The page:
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Periapical cemento-osseous dysplasia

The periapical cemento-osseous dysplasia represents a reactive or dysplastic process, rather than a neoplastic one.

This lesion appears to be an unusual response of periapical bone and cementum to some undetermined local factor

 Populations most at risk include East Asians and those of African origin. When not associated with a tooth apex, the term focal cemento-osseous dysplasia is used.

Clinical & Radiographic features

Periapical cemento-osseous dysplasia appears in middle age (;40 years) and rarely before the age of 20. Women, especially black women, are affected more than men

This condition typically is discovered on routine radiographic examination because patients are asymptomatic.

The mandible, especially the anterior periapical region, is far more commonly affected than other areas. Often, the apices of two or more teeth are affected. Frequently it occurs at the apex of vital teeth.

biopsy is unnecessary because the condition is usually diagnostic by clinical and radiographic features.

It appears first as a periapical radiolucency that is continuous with the periodontal ligament space. Although this initial pattern simulates radiographically a periapical granuloma or cyst, the teeth are always vital. As the condition progresses or matures, the lucent lesion develops into a mixed or mottled pattern because of bone repair. In its final stage, the tumor appears as a solid, opaque mass that is often surrounded by a thin, lucent ring. This process takes months to years to reach the final stages of development and, obviously, may be discovered at any stage

A related but less common condition is known as florid cemento-osseous dysplasia (FCOD) No cause is apparent and patients are asymptomatic, except when the complication of osteomyelitis occurs. Women, especially black women, are predominantly affected, usually between 25 and 60 years of age. The condition typically is bilateral and may affect all four quadrants. A curious finding has been the concomitant appearance of traumatic (simple) bone cysts in affected tissue. Radiographically, FCOD appears as diffuse radiopaque masses throughout the alveolar segment of the jaws. A ground-glass or cyst like appearance may be seen.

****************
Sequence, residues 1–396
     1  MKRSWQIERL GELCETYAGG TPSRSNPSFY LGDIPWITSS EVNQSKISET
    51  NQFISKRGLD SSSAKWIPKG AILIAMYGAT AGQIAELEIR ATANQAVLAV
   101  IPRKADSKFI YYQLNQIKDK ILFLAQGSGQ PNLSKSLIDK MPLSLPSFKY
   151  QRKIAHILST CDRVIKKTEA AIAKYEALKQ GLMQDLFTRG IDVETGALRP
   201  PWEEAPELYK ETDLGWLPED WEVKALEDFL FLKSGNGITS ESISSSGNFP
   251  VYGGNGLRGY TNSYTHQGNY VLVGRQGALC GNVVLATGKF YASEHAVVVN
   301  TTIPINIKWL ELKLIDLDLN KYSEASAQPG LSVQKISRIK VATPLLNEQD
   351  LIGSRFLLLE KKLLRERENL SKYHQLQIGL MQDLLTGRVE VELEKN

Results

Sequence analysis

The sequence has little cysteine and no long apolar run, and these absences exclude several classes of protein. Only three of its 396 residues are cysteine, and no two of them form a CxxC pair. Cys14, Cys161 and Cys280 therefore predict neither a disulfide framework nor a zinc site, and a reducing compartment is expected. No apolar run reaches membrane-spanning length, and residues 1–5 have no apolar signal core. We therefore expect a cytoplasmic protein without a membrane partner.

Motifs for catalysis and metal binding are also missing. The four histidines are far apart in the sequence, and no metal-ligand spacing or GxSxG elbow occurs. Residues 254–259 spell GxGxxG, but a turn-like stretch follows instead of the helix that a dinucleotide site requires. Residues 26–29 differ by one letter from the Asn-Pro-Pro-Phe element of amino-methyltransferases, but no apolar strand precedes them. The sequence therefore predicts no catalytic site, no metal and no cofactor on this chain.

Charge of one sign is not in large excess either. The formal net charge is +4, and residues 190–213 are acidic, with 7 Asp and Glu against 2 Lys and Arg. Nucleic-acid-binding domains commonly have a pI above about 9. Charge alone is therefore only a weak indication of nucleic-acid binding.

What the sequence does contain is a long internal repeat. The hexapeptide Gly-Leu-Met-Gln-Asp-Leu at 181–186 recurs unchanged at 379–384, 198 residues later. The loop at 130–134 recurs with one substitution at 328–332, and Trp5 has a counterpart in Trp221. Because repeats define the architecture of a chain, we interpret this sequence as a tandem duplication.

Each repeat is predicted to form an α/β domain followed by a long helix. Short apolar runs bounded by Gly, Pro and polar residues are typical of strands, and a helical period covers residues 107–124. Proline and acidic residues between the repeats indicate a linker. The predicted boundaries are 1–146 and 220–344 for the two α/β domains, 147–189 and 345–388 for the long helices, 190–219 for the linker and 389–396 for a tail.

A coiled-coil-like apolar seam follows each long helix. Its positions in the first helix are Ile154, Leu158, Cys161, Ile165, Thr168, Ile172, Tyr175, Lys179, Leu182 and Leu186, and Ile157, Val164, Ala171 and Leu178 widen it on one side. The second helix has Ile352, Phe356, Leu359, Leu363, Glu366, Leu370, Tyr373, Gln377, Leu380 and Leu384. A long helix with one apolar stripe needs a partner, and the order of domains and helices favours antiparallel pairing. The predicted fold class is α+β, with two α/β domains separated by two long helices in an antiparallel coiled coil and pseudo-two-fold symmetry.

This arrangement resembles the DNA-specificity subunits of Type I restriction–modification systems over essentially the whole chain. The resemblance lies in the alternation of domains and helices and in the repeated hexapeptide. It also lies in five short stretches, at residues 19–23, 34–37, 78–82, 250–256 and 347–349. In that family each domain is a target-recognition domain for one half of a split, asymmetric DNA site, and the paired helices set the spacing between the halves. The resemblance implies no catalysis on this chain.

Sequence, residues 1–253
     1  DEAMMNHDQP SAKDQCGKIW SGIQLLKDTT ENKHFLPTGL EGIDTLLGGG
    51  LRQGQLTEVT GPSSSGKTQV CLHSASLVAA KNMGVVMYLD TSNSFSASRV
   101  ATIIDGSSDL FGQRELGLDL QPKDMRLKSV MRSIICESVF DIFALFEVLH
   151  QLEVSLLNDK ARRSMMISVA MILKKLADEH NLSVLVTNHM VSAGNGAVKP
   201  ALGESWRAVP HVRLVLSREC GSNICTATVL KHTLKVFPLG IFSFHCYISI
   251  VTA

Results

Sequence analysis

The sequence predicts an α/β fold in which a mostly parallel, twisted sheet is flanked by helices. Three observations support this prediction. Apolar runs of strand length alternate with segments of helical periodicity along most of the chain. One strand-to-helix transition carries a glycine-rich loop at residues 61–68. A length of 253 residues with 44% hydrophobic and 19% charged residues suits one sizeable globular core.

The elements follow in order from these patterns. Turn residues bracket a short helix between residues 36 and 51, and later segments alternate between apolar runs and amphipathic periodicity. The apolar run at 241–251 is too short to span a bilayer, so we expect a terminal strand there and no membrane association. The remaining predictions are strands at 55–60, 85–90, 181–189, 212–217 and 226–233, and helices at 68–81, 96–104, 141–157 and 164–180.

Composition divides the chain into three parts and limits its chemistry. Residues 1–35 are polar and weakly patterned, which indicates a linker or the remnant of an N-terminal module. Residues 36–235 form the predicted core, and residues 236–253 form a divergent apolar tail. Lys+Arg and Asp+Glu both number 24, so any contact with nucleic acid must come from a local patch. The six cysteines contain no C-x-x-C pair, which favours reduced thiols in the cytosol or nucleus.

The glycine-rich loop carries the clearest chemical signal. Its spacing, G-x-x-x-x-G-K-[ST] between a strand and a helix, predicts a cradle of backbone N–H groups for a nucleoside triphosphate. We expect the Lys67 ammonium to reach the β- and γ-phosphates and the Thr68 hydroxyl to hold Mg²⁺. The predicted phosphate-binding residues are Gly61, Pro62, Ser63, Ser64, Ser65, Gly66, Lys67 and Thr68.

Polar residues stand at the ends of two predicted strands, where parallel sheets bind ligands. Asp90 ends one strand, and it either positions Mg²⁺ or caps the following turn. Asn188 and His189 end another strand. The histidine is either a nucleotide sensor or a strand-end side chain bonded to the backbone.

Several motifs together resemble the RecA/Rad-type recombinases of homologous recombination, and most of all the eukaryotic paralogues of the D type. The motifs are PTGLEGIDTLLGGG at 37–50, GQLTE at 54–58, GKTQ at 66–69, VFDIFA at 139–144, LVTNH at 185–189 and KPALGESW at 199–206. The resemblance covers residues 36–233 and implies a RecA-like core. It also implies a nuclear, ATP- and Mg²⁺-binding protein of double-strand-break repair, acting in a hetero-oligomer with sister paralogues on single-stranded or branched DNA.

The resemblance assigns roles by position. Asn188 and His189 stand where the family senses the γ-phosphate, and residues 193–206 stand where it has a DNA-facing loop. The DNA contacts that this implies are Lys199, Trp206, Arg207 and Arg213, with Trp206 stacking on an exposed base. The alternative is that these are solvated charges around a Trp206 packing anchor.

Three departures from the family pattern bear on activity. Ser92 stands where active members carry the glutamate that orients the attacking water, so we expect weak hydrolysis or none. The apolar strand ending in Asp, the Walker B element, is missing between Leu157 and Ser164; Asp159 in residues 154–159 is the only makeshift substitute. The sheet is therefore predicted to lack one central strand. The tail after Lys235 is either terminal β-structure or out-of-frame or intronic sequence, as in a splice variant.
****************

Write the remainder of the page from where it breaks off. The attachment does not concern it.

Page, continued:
Periapical Cemento-Osseous Dysplasia

Clinical features






Exuberant variant





Clinical radiographic correlation is diagnostic

Reactive, unknown stimulus, teeth vital

Common in anterior mandible of adults

No symptoms

Progresses from lucent to opaque lesion

Florid cemento-osseous dysplasia

Fibro-osseous lesion

Mature and immature bone

Heterogeneous pattern

Few inflammatory cells
















No treatment

Florid Cemento-Osseous Dysplasia

Exuberant variant of periapical cemento-osseous dysplasia

Large lucency with opaque zones

Predominantly mandible in adults

Confused clinically with diffuse sclerosing osteomyelitis

Asymptomatic unless secondarily infected

Teeth are vital

Diagnosis from clinical radiographic correlation

No treatment unless secondarily infected

Periapical cemento-osseous dysplasia. Three films taken over a period of years showing, (A) the early radiolucent stage resembling periapical granulomas, (B) intermediate stage with patchy mineralisation and (C) the late stage with well-defined masses of cementum in the centre of lesions. (By kind permission of Mr EJ Whaites.)

  • Stage I ( Osteolytic stage )
  • Stage II ( Osteo or cementoblastic stage)
  • Stage III ( mature stage )

Florid cemento-osseous dysplasia. Section of a panoramic tomogram showing the typical appearances of multiple irregular radiopaque masses centred on the roots of the teeth. The periphery of each is radiolucent, and the surrounding bone shows some sclerosis. Similar lesions were present in the contralateral molar region and on some maxillary teeth

A panoramic radiograph shows a radiolucent rim at the periphery of lesions (arrows) diagnosed as periapical cemento-osseous dysplasia. Copyright © 2015 by Korean Academy of Oral and Maxillofacial Radiology

Focal cemento-osseous dysplasia 

This term is given to changes similar to florid osseous dysplasia but forming a single lesion on one tooth. The lesion resembles a cemento-osseous fibroma radiographically, but shows the maturation sequence typical of this group of lesions. Lesions are usually in the posterior mandible.

Management of cemento-osseous dysplasias

Osteomyelitis starting in these lesions following extraction must be avoided because the widespread sclerosis of the late stages makes the infection difficult to treat. Wide excision may then be required to allow resolution. Treatment is otherwise not indicated except, rarely, for cosmetic reasons if there is expansion or if solitary bone cysts develop.

Focal cemento-osseous dysplasia is seen at the periapex of the left mandibular first molar with a radiolucent rim (arrow) on a panoramic radiographCopyright © 2015 by Korean Academy of Oral and Maxillofacial Radiology

Florid cemento-osseous dysplasia is situated at the right, left, and anterior portions of the mandible, surrounded by a radiolucent rim (arrows).Copyright © 2015 by Korean Academy of Oral and Maxillofacial Radiology

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